The state will begin taking applications today for its so-called HIP 2.0 plan, for which coverage begins Feb. 1, Gov. Mike Pence announced Tuesday morning at a packed speech at St. Vincent Health.
His announcement culminates more than two years of back and forth between state government and federal health officials over whether to grant the state a waiver for the plan debuted in 2006.
With this announcement, 28 states have accepted Medicaid expansion -- an optional part of "Obamacare" thanks to a Supreme Court ruling -- a list that includes 10 "red" states.
And these totals are growing, not shrinking.
U.S. Customs and Border Protection personnel walk along a section of the recently-constructed fence at the U.S.-Mexico border on Feb. 26, 2013 in Nogales, Ariz. (Photo by John Moore/Getty)

Add border security to the list of GOP 'stumbles'

01/27/15 01:04PM

In its first month, the Republican-led House, with its largest GOP majority in generations, has tackled a series of awful bills that have no chance of becoming law. We've seen Republicans splinter and complain about one another. We've seen GOP leaders schedule floor votes on some key priorities, only to pull the bills from consideration soon after.
It's probably not what the congressional majority party had in mind.
House Republicans are not off to a strong start, Speaker John A. Boehner acknowledged on Tuesday. Asked about the eleventh-hour withdrawal of bills related to abortion and, most recently, border security -- both of which were initially considered easy lifts for the emboldened Republican majority before intra-party divisions emerged -- Mr. Boehner attributed them to their attempts to fast-track the legislation without committee consideration to work out the disagreements.
"There have been a couple of stumbles," he said.
Um, yeah. Worse, these aren't "stumbles" Republicans can blame on the White House or the Senate -- the giant Republican majority, filled with optimism in the immediate aftermath of the 2014 midterms, is struggling to get its own act together.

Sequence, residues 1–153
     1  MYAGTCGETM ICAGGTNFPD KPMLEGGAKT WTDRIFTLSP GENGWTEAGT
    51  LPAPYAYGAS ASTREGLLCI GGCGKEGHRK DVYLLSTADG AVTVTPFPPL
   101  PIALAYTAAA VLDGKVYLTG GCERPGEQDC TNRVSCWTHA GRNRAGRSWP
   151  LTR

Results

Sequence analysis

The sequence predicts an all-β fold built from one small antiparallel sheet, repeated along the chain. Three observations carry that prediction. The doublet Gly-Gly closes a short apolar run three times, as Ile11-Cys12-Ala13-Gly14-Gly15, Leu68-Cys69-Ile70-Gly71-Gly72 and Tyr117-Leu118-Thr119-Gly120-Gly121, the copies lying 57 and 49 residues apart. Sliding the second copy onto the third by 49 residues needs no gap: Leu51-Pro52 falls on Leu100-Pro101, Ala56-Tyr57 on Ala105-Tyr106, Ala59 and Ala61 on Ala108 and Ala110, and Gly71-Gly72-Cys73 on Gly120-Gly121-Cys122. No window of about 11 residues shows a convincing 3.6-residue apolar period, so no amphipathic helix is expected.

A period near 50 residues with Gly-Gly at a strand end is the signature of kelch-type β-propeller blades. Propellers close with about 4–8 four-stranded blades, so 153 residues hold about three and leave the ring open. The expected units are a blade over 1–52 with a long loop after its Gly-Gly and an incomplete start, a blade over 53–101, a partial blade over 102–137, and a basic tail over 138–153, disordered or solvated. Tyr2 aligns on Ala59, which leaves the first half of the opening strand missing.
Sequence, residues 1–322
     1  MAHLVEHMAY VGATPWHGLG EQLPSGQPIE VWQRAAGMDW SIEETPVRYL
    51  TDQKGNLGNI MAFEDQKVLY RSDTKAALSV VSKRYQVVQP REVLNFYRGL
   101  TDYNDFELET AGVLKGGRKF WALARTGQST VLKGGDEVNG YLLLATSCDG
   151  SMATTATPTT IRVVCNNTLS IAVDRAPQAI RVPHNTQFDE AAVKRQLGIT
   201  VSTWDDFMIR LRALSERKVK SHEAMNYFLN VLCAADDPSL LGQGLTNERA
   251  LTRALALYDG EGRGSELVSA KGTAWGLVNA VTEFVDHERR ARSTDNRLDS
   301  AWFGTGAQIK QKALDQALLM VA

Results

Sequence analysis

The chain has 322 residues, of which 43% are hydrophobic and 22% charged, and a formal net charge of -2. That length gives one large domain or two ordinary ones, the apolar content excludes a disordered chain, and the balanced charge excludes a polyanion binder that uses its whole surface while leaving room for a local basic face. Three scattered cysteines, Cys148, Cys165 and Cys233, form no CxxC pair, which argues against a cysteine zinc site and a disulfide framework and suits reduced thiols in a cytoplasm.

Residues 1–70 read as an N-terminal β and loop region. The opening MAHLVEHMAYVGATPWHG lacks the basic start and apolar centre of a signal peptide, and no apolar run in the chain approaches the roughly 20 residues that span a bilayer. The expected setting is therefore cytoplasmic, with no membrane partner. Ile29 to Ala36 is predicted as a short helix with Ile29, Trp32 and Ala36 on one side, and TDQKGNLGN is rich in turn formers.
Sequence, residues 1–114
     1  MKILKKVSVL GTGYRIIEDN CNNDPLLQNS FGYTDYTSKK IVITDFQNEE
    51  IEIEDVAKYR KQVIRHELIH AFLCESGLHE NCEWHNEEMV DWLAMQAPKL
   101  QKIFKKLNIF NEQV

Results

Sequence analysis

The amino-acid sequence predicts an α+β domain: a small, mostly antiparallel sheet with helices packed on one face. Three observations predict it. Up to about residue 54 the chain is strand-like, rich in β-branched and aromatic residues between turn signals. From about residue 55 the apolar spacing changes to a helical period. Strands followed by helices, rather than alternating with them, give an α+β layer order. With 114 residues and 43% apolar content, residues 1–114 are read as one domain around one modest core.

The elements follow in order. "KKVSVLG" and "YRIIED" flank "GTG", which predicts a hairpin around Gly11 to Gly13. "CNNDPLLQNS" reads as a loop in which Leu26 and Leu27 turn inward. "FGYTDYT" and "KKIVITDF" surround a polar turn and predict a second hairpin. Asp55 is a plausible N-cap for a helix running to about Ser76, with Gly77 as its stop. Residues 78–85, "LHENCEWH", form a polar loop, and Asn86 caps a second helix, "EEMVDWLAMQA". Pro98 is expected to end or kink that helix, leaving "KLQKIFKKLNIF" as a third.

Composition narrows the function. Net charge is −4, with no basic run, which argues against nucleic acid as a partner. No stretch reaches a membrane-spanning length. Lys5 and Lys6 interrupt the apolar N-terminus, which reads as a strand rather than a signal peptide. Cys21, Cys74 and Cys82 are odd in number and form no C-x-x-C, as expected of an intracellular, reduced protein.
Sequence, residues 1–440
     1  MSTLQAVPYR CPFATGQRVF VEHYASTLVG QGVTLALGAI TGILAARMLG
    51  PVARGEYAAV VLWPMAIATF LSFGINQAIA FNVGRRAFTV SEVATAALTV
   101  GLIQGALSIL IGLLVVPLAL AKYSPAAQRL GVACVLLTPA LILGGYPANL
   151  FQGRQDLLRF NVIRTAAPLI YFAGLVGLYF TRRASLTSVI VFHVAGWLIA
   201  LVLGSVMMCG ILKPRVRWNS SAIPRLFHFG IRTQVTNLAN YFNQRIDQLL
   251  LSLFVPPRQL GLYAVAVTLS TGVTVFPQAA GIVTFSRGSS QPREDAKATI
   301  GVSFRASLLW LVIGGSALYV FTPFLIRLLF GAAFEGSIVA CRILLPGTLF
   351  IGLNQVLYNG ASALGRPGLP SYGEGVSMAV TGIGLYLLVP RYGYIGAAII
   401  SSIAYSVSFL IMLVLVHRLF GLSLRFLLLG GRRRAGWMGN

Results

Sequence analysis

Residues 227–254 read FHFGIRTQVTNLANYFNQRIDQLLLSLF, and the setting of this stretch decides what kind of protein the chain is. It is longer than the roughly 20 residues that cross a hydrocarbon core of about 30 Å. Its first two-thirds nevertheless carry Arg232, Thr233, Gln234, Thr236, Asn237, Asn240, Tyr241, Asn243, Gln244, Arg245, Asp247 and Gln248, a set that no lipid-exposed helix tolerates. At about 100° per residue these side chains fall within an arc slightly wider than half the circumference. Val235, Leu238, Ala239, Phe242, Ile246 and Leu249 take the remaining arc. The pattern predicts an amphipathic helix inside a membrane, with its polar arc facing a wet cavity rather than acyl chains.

Yesterday, much of the attention inside the Beltway seemed to be focused on the weather, but in the House, the day's "stumbles" actually helped capture much of what's gone wrong for the party.

Tuesday's Campaign Round-Up, 1.27.15

01/27/15 12:00PM

Today's installment of campaign-related news items that won't necessarily generate a post of their own, but may be of interest to political observers:
* This is an unintentionally amazing sentence: "If he runs again in 2016, [Mitt] Romney is determined to re-brand himself as authentic."
* A new USA Today/Suffolk University Poll found Republican voters nationwide preferring Romney as their presidential nominee, but he's struggling with an embarrassingly low 16%. Jeb Bush is second with 13%, and while no other candidate is close to double digits, Ben Carson is third with 6%. [45% are undecided]
* The same poll asked Democratic voters about their party's preferred nominee and Hillary Clinton was the clear favorite with 51%. Elizabeth Warren and Vice President Biden are around 5% each, while 31% of Democrats say they're undecided.
* In a quote that will no doubt make the rounds in GOP circles, House Minority Leader Nancy Pelosi (D-Calif.) was asked about 2016 hopes, and referencing Mitt Romney, Pelosi said, "Let me put it this way -- I hope he's their nominee."
* Politico reports that social conservatives in Iowa are "determined" to have each of the Republican presidential hopefuls denounce marriage equality, regardless of what happens at the Supreme Court later this year.
* Bob Ehrlich, a former one-term governor of Maryland who also served four terms in Congress, is apparently serious about launching a Republican presidential campaign. He'd obviously be a longshot, but Ehrlich has been far more successful at the ballot box than Romney.